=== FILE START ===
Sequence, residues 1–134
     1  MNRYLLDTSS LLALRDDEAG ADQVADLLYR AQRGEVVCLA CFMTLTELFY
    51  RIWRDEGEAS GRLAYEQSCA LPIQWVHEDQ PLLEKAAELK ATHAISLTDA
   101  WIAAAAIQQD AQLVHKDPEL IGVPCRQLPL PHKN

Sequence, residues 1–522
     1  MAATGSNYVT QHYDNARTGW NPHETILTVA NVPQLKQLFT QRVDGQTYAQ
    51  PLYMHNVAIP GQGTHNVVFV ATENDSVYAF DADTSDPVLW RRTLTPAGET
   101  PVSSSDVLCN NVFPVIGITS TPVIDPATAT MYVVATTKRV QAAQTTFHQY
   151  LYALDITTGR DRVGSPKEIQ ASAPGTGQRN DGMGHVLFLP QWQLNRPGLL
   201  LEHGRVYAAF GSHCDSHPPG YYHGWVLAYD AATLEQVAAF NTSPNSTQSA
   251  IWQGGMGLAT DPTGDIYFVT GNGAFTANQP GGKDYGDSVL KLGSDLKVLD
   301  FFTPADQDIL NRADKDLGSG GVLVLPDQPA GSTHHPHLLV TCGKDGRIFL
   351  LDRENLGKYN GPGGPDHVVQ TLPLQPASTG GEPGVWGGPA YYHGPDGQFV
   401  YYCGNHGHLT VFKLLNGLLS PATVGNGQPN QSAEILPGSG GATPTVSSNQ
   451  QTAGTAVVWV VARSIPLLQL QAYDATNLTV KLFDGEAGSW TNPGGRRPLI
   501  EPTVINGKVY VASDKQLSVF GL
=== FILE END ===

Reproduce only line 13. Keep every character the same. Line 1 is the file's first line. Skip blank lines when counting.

   351  LDRENLGKYN GPGGPDHVVQ TLPLQPASTG GEPGVWGGPA YYHGPDGQFV